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The impact of a cancer experience during emerging adulthood (18–25 years of age) is an under-studied phenomenon, with research on young people typically focussing on children or adolescents. Needs-based research on this population is even scarcer. This study sought to ascertain the most commonly-unmet needs of emerging adults with cancer, in various stages of time-since-treatment, and to investigate links to psychological functioning.
Using an earlier version of a needs-based questionnaire, presently under development, as well as additional items developed specifically for this age group, the ten most unmet needs were determined for 63 emerging adults in each of the following three groups: those on or within one year since treatment; those between one and five years since treatment; and those beyond five years since treatment. Psychological functioning was measured by the Depression, Anxiety and Stress Scales (DASS-21).
On average, participants rated 17.7 of the 132 needs as unmet. The 10 most unmet needs for each group generated a distinct picture of how needs change as time-since-treatment increases. For those at or within one year since treatment, there were a number of unmet needs directly related to health care provision and the hospital experience. For those whose treatment was more than one year previous, the most unmet needs were more focussed on emotional/psychological issues, particularly related to survivorship and life direction. Positive correlations were found between the number of unmet needs and levels of anxiety and stress.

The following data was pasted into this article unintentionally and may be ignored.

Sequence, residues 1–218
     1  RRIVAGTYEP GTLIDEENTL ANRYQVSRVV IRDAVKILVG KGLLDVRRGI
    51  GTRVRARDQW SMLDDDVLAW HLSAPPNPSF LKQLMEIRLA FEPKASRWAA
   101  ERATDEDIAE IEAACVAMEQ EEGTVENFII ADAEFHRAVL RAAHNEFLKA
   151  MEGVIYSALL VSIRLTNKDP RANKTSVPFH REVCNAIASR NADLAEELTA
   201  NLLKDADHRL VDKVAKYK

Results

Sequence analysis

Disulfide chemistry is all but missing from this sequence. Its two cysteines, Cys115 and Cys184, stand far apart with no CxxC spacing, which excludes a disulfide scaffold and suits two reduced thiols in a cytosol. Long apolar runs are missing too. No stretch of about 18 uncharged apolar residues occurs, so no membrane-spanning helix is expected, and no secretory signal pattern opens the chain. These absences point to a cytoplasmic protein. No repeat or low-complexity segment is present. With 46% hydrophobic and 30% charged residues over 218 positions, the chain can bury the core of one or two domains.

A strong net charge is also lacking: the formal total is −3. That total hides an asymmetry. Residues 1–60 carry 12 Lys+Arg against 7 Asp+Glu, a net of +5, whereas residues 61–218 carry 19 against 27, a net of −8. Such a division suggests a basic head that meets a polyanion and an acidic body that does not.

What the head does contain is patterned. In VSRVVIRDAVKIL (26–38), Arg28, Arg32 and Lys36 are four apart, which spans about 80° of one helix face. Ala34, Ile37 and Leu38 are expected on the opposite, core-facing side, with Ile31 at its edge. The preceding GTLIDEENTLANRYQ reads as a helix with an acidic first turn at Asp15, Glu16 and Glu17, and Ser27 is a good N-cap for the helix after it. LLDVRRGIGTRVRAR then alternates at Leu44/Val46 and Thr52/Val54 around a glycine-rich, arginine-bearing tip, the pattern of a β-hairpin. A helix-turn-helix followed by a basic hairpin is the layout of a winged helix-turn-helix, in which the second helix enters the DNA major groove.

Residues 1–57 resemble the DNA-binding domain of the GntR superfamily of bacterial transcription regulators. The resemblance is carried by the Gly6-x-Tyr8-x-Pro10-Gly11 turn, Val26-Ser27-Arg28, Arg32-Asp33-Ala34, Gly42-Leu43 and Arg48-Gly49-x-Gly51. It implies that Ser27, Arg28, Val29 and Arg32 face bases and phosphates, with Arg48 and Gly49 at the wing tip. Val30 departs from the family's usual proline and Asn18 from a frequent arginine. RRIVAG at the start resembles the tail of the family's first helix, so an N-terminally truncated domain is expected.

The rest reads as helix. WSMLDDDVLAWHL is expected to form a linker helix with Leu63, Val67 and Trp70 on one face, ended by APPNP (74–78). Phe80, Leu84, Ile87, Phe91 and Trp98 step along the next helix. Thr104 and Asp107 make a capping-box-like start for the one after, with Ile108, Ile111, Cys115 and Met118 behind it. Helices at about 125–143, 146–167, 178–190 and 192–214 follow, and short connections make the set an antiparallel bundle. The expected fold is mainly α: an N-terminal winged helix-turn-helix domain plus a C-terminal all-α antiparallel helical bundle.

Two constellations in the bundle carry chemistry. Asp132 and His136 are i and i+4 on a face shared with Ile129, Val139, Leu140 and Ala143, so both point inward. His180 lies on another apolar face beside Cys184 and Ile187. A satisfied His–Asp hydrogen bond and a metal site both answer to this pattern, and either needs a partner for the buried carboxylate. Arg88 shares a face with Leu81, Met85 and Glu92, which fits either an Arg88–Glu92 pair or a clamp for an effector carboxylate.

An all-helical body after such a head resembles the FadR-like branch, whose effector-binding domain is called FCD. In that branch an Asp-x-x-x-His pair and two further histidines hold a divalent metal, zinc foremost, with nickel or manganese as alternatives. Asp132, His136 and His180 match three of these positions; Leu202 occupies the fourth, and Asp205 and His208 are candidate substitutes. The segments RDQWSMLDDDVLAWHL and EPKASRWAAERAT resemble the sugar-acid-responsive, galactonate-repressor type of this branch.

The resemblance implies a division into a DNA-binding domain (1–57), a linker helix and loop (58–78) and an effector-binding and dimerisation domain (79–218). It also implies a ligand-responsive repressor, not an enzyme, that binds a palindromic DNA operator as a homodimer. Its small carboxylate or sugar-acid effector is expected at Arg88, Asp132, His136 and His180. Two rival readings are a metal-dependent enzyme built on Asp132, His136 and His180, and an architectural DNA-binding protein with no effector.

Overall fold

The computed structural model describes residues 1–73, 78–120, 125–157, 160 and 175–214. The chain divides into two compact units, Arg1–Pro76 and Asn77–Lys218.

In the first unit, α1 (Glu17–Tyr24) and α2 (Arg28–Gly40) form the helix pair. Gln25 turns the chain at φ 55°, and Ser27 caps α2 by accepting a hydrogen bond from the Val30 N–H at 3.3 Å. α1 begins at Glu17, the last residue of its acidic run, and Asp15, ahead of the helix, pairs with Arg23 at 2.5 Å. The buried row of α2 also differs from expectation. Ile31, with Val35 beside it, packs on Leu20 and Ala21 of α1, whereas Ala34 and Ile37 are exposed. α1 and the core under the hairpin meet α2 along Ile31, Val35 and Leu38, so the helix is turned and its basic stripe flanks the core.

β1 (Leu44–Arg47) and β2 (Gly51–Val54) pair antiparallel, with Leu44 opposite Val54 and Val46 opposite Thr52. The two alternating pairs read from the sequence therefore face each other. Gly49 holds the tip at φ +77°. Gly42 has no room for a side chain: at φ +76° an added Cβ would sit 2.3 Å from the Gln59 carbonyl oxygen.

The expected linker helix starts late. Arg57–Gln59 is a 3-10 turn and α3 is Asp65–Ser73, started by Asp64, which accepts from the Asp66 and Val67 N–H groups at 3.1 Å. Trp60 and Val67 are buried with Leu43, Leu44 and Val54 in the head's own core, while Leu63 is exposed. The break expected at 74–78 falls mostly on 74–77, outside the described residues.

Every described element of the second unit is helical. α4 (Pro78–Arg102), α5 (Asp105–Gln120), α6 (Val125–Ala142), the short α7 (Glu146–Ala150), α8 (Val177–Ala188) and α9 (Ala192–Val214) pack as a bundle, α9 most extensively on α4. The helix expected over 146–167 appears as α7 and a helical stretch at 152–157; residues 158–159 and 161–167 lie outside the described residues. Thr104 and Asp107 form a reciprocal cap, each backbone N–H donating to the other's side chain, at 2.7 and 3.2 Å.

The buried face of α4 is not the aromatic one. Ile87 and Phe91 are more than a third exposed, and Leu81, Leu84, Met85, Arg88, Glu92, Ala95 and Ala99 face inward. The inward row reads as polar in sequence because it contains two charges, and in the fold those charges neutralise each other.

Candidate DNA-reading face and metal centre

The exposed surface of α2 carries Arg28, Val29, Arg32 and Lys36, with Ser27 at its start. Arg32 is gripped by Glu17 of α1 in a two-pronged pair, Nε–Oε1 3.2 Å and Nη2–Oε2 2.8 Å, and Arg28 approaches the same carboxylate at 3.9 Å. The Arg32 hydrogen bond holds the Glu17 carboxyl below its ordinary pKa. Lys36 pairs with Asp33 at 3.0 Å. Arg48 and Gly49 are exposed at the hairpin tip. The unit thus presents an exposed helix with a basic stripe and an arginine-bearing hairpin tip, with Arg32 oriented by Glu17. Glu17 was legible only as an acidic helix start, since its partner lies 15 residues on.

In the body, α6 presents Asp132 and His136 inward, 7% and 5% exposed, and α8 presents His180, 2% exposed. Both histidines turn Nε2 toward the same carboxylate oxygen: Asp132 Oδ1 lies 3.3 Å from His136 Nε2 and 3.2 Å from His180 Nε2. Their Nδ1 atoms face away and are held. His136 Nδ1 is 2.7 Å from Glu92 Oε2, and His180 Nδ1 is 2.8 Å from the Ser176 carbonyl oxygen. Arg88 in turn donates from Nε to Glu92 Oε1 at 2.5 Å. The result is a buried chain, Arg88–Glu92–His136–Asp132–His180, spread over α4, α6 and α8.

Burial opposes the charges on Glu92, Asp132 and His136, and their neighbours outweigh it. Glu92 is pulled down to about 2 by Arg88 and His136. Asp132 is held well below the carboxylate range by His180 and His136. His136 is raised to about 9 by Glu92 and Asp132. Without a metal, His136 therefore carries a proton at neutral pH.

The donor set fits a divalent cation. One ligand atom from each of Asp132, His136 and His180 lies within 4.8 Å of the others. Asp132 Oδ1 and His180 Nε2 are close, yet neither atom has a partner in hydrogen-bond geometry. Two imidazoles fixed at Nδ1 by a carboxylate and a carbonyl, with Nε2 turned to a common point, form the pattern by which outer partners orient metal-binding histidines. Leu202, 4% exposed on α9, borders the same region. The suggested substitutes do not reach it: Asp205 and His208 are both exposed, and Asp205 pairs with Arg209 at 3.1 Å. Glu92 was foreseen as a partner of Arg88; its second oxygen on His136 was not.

Significance of results:
The results of the present study provide quantitative needs-based information about emerging adults with cancer, in the context of their treatment situation. This enables health care providers to better support the emerging adult with cancer in ways that are age-appropriate and time-sensitive. The persisting levels of unmet needs and psychological distress beyond five years since treatment underscore the importance of long-term follow-up and support.
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